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NOTE: CentOS Enterprise Linux is built from the Red Hat Enterprise Linux source code. Other than logo and name changes CentOS Enterprise Linux is compatible with the equivalent Red Hat version. This document applies equally to both Red Hat and CentOS Enterprise Linux.

1.2. Introductory Terms

When you learn about a new operating system, you should also learn new terminology. This section defines a few basic terms you should learn. You will see these terms often throughout all Red Hat Enterprise Linux documentation including the Red Hat Enterprise Linux Step By Step Guide:

  • Command: An instruction given to the computer, most often with the keyboard or mouse.

  • Command line: The space at the shell prompt where commands are typed.

  • Graphical Desktop: The most visible area of a GUI. The desktop is where your user Home and Computer icons are located. You can customize your desktop to have special backgrounds, colors, and pictures to add a personal touch.

  • Graphical User Interface (GUI): A general term for interactive windows, icons, menus, and panels which allow a user to initiate actions such as starting applications and opening files using a mouse and keyboard.

  • Icons are small images representing an application, folder, shortcut or system resource (such as a diskette drive). Launcher icons usually refer to application shortcuts.

  • Man page and Info page: Man (short for manual) and Info pages give detailed information about a command or file (man pages tend to be brief and provide less explanation than Info pages). For example, to read the man page for the su command, type man su at a shell prompt (or type info su for the info page). To close man or Info pages, press [q] .

  • Panel: A desktop toolbar, located across the top and bottom of your desktop (such as Figure 1-12). The panel contains the Applications menu and shortcut icons to start commonly used programs. Panels can also be customized to suit your needs.

    Figure 1-12. The Desktop Panel

  • Root: Root is an administrative user account created during installation that has complete access to the system.(Root is also known as the superuser.) You must be logged in as root to accomplish certain system administration tasks, such as changing administrative passwords and running system configuration tools. User accounts are created so that typical user tasks can be done without using the root account, which can reduce the chance of damaging your Red Hat Enterprise Linux installation or applications permanently.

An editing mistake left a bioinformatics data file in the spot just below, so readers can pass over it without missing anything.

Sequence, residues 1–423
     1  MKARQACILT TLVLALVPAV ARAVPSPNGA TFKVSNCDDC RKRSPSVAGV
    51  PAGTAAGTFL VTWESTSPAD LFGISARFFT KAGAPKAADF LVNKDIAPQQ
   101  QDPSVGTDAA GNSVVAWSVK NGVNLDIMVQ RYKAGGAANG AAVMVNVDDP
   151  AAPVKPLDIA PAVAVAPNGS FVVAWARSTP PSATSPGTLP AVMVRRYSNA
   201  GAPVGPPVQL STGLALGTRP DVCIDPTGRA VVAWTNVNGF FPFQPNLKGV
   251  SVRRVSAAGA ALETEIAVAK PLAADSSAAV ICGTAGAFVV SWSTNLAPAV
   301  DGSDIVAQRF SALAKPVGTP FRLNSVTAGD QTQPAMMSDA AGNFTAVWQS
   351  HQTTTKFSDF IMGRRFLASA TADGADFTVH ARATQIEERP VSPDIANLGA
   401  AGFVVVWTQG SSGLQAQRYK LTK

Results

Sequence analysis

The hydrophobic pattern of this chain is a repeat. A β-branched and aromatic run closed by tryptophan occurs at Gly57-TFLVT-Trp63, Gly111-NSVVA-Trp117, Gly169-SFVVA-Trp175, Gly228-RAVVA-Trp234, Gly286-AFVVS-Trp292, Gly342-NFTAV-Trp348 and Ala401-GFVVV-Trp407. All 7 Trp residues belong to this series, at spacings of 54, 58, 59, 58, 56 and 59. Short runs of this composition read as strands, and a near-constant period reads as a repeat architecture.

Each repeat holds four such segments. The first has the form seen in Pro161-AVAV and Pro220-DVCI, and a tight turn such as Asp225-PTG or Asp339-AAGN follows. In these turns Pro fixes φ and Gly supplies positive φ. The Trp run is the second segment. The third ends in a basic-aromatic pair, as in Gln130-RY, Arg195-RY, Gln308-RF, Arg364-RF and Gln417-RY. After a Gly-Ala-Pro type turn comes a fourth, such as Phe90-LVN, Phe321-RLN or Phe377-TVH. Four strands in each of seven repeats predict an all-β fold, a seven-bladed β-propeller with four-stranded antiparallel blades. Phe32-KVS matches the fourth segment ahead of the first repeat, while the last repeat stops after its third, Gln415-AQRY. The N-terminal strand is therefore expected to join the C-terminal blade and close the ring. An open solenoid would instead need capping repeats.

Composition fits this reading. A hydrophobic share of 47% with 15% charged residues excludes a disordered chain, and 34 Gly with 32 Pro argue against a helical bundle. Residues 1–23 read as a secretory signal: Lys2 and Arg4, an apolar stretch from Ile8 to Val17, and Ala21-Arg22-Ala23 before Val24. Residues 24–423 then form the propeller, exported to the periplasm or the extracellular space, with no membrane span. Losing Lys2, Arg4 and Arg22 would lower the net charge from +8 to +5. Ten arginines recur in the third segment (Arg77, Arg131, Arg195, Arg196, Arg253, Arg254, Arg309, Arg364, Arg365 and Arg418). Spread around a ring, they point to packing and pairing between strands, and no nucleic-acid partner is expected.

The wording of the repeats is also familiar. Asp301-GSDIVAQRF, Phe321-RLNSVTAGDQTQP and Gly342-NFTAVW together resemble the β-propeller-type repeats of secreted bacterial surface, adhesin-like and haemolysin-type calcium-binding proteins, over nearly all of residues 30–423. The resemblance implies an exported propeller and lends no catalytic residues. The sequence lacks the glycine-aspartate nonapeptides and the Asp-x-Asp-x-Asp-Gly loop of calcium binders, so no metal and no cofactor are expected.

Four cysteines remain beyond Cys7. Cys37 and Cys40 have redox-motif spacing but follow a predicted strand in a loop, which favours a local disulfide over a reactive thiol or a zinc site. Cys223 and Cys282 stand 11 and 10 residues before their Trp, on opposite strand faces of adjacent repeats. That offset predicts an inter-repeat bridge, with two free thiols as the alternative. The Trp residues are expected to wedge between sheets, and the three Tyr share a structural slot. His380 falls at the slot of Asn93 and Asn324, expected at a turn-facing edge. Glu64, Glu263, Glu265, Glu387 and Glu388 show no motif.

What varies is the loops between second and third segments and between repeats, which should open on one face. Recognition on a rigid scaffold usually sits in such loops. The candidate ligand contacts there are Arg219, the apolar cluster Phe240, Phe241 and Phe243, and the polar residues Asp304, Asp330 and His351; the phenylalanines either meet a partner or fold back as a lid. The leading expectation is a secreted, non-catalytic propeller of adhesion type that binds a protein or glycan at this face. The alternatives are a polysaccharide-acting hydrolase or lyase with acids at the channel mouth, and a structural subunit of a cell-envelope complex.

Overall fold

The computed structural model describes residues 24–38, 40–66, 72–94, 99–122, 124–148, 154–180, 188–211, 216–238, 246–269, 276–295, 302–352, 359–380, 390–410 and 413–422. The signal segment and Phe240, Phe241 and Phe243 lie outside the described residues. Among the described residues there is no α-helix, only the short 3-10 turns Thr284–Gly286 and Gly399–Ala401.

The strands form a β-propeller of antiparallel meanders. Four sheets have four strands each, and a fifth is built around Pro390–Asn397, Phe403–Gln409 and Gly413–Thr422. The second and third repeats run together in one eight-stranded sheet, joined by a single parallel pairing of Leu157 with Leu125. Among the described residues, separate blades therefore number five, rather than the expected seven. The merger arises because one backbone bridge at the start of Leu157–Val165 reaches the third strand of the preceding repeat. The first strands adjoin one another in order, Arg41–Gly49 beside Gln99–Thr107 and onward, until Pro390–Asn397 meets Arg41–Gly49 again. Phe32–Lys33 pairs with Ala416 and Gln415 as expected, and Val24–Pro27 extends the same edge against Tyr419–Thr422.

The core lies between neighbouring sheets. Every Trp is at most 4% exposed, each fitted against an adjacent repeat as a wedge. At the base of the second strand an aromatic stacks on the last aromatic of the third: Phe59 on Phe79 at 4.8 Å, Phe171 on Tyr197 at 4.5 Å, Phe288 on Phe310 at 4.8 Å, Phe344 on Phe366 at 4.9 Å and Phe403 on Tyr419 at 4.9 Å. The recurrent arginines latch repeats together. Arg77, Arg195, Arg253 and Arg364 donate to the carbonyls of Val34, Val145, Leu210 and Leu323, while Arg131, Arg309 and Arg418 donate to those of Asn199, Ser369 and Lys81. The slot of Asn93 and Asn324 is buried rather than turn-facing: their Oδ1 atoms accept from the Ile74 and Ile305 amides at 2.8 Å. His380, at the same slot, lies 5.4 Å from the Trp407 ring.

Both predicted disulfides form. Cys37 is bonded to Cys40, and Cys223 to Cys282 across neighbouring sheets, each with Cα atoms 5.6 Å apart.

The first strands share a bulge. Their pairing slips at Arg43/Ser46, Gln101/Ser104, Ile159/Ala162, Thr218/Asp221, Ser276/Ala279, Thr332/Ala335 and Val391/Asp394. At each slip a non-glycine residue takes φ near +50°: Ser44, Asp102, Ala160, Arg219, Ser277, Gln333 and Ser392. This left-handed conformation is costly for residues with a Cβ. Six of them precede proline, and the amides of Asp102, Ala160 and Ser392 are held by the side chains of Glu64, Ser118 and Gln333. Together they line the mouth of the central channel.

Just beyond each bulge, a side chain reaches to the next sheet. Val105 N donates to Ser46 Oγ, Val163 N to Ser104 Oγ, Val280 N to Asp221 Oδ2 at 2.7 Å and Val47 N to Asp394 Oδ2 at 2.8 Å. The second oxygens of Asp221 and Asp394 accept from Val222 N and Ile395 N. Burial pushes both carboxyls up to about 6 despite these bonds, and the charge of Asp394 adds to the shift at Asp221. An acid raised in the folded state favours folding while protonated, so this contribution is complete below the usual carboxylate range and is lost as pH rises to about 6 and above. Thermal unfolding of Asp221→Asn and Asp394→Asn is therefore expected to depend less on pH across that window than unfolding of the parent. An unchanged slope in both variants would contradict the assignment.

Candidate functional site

• RPM: RPM stands for RPM Package Manager and is how Red Hat builds and delivers its software files. An RPM is a software package file you can install on your Red Hat Enterprise Linux computer.

  • Shell prompt: A command line interface between the user and the operating system (Figure 1-13). The shell interprets commands entered by the user and passes them on to the operating system.

    Figure 1-13. A Shell Prompt

  • su and su -: The command su (switch user) gives you access to the root account or other accounts on your system. When you type su to switch to your root account while still inside your user account shell, you have access to important system files that you can change (or damage if you are not careful). Logging in with the su - command makes you root within the root account shell. Use caution when you are logged in as root.

  • X or X Window System: These terms refer to the graphical user interface environments. If you are "in X" or "running X", you are working in a GUI rather than a console environment.

Although the emphasis throughout this book is on navigation and productivity using the graphical desktop environment, both the graphical and shell prompt methods of logging in and using your Red Hat Enterprise Linux system are discussed for your reference.

 
 
  Published under the terms of the GNU General Public License Design by Interspire